Volvo S60 KERS Hybrid Prototype: Brief First Drive

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Volvo S60 KERS Engineering Prototype

Volvo S60 KERS Engineering Prototype

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Can you really improve fuel economy and performance just by taking a production car with a turbocharged 5-cylinder engine and adding Formula 1 race technology? 

To find out, we headed to Volvo headquarters in Gothenburg, Sweden to test-drive a top-secret prototype Volvo has been testing for the past year.

It's an ordinary-looking 2013 Volvo S60 sedan with an 80-horsepower Kinetic Energy Recovery System (KERS) bolted to the rear axle. 

The Basics

Unlike the regenerative braking found on cars with start-stop, hybrid or all-electric drivetrains, KERS is an entirely mechanical system which bleeds off the car’s kinetic energy under braking, transferring it through a continuously variable transmission and storing it as mechanical energy in a vacuum-encased carbon-fiber flywheel.

As a consequence, a car with a KERS system does not require a heavy-duty alternator or motor, complex power electronics or additional batteries.

Instead, the flywheel stores the mechanical energy for up to 30 minutes, releasing it when required to aid in acceleration. 

Behind the wheel

Approaching Volvo’s one-of-a-kind prototype, there’s a noticeable whine from the S60’s trunk as its flywheel spins with energy from the previous test drive.

That’s due to a lack of sound insulation, says Volvo. Being an engineering prototype and proof-of-concept vehicle, it’s a little rough and ready around the edges.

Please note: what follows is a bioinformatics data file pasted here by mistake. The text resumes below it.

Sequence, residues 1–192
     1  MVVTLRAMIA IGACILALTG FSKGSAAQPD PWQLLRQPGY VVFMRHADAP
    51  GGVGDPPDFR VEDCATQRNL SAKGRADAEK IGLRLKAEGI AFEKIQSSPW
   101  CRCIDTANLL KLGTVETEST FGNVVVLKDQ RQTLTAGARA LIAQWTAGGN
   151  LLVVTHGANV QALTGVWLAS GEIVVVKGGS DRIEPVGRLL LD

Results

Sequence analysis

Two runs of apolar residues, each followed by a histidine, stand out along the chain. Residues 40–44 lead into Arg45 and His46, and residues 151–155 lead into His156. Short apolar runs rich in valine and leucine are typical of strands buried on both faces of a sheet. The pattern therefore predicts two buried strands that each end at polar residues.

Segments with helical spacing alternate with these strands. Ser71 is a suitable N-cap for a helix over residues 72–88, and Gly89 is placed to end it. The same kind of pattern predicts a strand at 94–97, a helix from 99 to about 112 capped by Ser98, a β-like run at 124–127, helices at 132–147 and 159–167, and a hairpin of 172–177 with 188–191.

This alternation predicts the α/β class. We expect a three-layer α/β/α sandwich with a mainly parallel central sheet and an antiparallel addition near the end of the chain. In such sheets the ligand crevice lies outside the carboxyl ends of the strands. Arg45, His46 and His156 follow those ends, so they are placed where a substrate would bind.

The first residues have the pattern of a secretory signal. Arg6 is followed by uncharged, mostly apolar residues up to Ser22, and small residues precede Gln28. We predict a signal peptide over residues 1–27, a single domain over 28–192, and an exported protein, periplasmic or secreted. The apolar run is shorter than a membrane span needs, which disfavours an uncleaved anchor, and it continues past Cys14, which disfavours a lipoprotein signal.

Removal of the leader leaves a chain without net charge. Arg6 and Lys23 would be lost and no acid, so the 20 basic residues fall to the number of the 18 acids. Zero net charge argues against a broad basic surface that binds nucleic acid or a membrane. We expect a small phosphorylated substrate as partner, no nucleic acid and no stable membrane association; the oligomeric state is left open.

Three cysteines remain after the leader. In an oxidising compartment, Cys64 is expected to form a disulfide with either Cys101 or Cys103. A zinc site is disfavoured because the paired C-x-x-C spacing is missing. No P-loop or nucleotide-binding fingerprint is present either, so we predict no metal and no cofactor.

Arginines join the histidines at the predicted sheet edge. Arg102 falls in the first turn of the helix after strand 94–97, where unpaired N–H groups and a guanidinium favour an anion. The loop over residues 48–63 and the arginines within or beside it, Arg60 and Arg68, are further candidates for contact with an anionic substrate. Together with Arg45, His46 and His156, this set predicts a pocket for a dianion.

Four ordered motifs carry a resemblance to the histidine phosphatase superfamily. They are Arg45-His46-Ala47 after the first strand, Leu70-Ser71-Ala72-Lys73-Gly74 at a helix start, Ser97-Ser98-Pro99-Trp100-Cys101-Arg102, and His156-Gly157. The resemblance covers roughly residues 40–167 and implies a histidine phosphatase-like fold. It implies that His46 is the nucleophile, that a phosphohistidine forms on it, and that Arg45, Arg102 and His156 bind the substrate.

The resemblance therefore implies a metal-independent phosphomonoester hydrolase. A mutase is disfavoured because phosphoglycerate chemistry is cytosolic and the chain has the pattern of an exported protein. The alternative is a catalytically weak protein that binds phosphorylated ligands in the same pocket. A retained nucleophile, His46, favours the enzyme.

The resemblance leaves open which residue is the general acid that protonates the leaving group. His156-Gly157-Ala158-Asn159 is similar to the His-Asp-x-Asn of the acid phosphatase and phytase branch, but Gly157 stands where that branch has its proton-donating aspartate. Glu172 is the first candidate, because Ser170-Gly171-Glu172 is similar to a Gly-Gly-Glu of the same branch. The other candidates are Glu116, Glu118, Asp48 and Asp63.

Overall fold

Inside the cockpit, too, some obvious giveaways remind us we’re sitting in an engineering mule. Alongside the standard S60 dash, there’s a tablet PC mounted to the dash, displaying KERS status information, and the obligatory red emergency disconnect switch required of all prototype vehicles. 

To start with, our chaperone disengages KERS completely, so as to remind us of the stock performance of Volvo’s usual 2.5-liter Turbocharged five-cylinder engine. Accelerating quickly onto the test track thanks to 254 horsepower and 266 foot-pounds of torque at the front wheels, there’s nothing strange or unusual about driving this car. 

Volvo S60 KERS Engineering Prototype

Volvo S60 KERS Engineering Prototype

Enlarge Photo

Then KERS is switched on and placed into ‘hybrid’ mode, we enter head for a tight corner, and start slowing down. 

Somewhere behind the rear seat, we hear the sound of a jet engine crossed with a laser rifle and quickly realize KERS is spinning its flywheel up to an electronically-limited 60,000 rpm top speed. The sound is intoxicating, and a quick glance at the KERS system display tells us we’re recapturing somewhere around 30 kW of instantaneous power.

Exiting the curve and heading for a reasonably steep incline, we accelerate and notice the S60’s engine doesn’t roar as much as it did on entering the track. This time, KERS is doing some of the work and the gasoline engine is noticeably less strained. 

Cresting the hill and passing down the other side, we notice the T5 engine has completely switched off, coasting down toward the next corner. At low speeds, and when there’s enough stored energy, the prototype creeps along using just the flywheel-stored energy to move it along, starting the engine when more power is needed. 

Switch into ‘Sport’ mode, and KERS acts a little like a boost function, storing energy when the car is cruising as well as braking to release it under heavy acceleration. 

The result, Volvo says, is a 0-62mph time of 5.5 seconds, 1.5 seconds faster than the stock S60 T5. While Volvo’s tiny test track didn’t afford us much chance to test this, we can say the extra 80 horsepower boost from the KERS system gave the well-built Swede a sportier feel.

Meanwhile, the high-pitched whine as the KERS system charged up, combined with the way it pushed us into our seats every time it discharged encouraged us to squeeze the throttle to the floor at every apex, however short the straight.


 
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